PayPal investment in TaxBit

PayPal Invests in Cryptocurrency Tax Software Company TaxBit

With Bitcoin on a roll again, many believe because of PayPal and Square embracing the digital currency, PayPal Ventures invested today in cryptocurrency tax software TaxBit. PayPal Ventures is the venture capital arm of PayPal that invests in areas of strategic interest to PayPal.

TaxBit’s software is used by thousands of everyday digital currency users, in addition to cryptocurrency exchanges and merchants, the company said. Among other digital currency tracking and reporting features, the software enables businesses to issue 1099 to merchants, vendors, and other entities who require this IRS form to complete their yearly tax returns.

The company plans to use the investment to expand its business with additional staff and grow internationally. “Going international is a huge piece of the puzzle,” said Austin Woodward, Founder and CEO, TaxBit in an interview.

TaxBit also received funding from Coinbase Ventures, the investment division of the popular cryptocurrency exchange and additional funding from existing investor Winklevoss Capital, a private investment firm that focuses on investments in digital currency startups and whose founders had a role in launching Facebook.

“We want to thank our customers, partners, and investors for helping us move the cryptocurrency space forward. This investment will help us achieve our aim of being the most innovative and trustworthy provider of cryptocurrency tax technology.”

Austin Woodward, CEO and Founder of TaxBit and Certified Public Accountant

Salt Lake City based TaxBit was founded by CPAs, tax attorneys, and software developers in order to enable widespread cryptocurrency adoption by automating the regulatory hurdle of tax compliance. The amount of new funding was not disclosed by TaxBit or its investors.

Mainstreaming of Cryptocurrency

With PayPal, Square and expanding their services to include Bitcoin and possibly add other cryptocurrencies in the future, there seems to be a renewed push by major digital payment companies to be involved in expanding the use of digital currencies.

But one of the biggest hurdles for years has been the proper accounting of digital transactions, with the IRS issuing its first Virtual Currency Guidance back in 2014. Last year, the IRS asked taxpayers about their cryptocurrency transactions, trying to enforce further taxation compliance on digital currency use.

For business owners, accepting cryptocurrencies has always been a problem as businesses have to convert the digital currency into fiat currency to pay employees or vendors. Fiat currency is legal tender backed by governments such as the US Dollar, Euro, or British Pound.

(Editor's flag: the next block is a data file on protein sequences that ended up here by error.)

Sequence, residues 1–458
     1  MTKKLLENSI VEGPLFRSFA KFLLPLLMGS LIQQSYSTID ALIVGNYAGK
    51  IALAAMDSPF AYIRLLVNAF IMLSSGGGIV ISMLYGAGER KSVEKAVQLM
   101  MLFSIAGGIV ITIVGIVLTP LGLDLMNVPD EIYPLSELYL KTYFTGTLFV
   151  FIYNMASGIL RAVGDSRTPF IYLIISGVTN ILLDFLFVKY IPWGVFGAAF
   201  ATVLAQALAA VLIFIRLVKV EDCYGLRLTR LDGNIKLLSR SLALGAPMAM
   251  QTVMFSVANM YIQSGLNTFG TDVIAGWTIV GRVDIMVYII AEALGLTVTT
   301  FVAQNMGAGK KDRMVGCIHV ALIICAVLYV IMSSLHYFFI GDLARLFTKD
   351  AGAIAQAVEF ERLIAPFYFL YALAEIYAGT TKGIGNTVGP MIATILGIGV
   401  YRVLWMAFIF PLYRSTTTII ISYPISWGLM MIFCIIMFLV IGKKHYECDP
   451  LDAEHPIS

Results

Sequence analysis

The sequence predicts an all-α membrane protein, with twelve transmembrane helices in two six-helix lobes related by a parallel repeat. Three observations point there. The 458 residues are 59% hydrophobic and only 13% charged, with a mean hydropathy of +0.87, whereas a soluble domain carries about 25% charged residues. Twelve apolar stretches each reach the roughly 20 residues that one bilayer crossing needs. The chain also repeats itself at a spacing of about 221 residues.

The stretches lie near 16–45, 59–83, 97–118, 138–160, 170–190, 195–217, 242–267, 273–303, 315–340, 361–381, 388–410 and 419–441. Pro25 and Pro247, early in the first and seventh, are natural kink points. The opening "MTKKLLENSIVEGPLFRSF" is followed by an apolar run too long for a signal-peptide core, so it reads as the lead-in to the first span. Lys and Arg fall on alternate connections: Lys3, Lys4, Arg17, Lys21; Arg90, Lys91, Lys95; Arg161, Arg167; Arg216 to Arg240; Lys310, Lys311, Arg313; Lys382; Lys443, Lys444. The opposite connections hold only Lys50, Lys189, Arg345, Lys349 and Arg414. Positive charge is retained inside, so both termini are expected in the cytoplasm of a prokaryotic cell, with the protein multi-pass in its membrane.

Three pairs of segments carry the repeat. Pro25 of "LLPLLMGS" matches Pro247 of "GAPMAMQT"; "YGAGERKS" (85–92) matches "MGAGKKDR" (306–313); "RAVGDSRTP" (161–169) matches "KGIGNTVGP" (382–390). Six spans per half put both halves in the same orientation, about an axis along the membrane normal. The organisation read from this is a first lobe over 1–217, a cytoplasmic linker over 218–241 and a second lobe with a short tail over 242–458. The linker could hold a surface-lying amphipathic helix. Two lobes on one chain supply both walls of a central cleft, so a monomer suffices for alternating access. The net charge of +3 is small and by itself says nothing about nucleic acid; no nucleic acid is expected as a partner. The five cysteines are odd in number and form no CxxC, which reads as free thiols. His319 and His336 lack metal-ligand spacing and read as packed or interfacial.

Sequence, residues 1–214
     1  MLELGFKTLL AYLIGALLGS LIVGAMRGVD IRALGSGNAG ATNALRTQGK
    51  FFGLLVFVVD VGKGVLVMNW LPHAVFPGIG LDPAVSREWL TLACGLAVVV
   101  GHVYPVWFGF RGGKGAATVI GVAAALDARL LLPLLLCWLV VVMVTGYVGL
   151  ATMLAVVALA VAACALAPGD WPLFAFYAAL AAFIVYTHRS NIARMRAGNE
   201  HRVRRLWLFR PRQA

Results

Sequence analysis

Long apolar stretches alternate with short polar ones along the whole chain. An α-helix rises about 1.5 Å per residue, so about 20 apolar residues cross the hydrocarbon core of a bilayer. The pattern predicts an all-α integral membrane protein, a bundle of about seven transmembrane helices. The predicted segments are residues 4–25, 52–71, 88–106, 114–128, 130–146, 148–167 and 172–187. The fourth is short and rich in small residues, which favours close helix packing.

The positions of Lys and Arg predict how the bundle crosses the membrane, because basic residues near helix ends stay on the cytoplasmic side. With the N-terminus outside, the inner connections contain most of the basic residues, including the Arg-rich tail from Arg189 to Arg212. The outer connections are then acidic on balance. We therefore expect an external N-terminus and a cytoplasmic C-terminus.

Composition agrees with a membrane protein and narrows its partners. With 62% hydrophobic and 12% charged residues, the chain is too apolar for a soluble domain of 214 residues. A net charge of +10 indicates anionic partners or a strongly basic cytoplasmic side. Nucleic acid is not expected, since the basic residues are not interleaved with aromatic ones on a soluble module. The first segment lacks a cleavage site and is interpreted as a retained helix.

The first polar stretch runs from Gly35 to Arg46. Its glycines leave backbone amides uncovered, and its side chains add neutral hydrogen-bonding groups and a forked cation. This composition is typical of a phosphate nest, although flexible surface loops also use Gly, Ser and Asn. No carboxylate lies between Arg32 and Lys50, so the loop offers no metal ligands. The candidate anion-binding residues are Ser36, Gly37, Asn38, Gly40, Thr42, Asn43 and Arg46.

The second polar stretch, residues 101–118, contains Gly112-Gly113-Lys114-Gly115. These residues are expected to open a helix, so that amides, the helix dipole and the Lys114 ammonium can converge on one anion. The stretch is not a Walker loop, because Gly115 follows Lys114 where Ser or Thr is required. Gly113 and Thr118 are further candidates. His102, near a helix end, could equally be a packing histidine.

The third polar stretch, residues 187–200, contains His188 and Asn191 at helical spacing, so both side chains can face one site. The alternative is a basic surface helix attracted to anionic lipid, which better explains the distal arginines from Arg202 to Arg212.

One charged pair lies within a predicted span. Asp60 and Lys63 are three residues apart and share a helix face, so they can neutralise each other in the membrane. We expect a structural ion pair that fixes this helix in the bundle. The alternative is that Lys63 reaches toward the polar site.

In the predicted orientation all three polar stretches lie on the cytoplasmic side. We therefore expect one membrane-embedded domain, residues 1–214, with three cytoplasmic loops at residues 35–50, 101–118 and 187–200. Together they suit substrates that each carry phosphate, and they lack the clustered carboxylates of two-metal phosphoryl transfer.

Before PayPal and Square embraced cryptocurrencies, only niche companies like BitPay offered the ability to immediately convert crypto payments into fiat currency. BitPay even offers a Mastercard branded debit card that ties a user’s crypto wallet to allow for conversion into fiat currency.

Regardless, using crypto usually means incurring additional fees, including mining fees. Digital currency mining is the process of verifying the transaction for which the miner gets paid a small fee. There is actually a cottage industry and investment interest in digital currency mining.

If the expansion by PayPal and Square helps more companies accept digital currencies, there is a possibility that businesses could use proceeds from cryptocurrency transactions to pay vendors or contractors without having first to convert to a fiat currency. The mining fees would still be part of such transactions, but they are negligible by comparison to conversion fees. But that still leaves the taxation issue, which is where a company like TaxBit could help.

Since last year, Bitcoin and other digital currencies have seen a major resurgence because of the interest by bigger names like PayPal and Square. But as long as cryptocurrencies are seen as too risky due to their volatility, the friction of acceptance by everyday small business owners will likely continue to lag behind.

The “bigger names” may help stabilize a crash and this renewed interest in digital currencies may not wane as it did after the first big Bitcoin crash. Taxation compliance may also help with adoption as business owners will feel more comfortable knowing there is a legitimate method to account for digital currency transactions. However, cryptocurrencies still need to shake off the reputation as being part of a “dark economy” or a high-risk investment. That may be the biggest hurdle to overcome.

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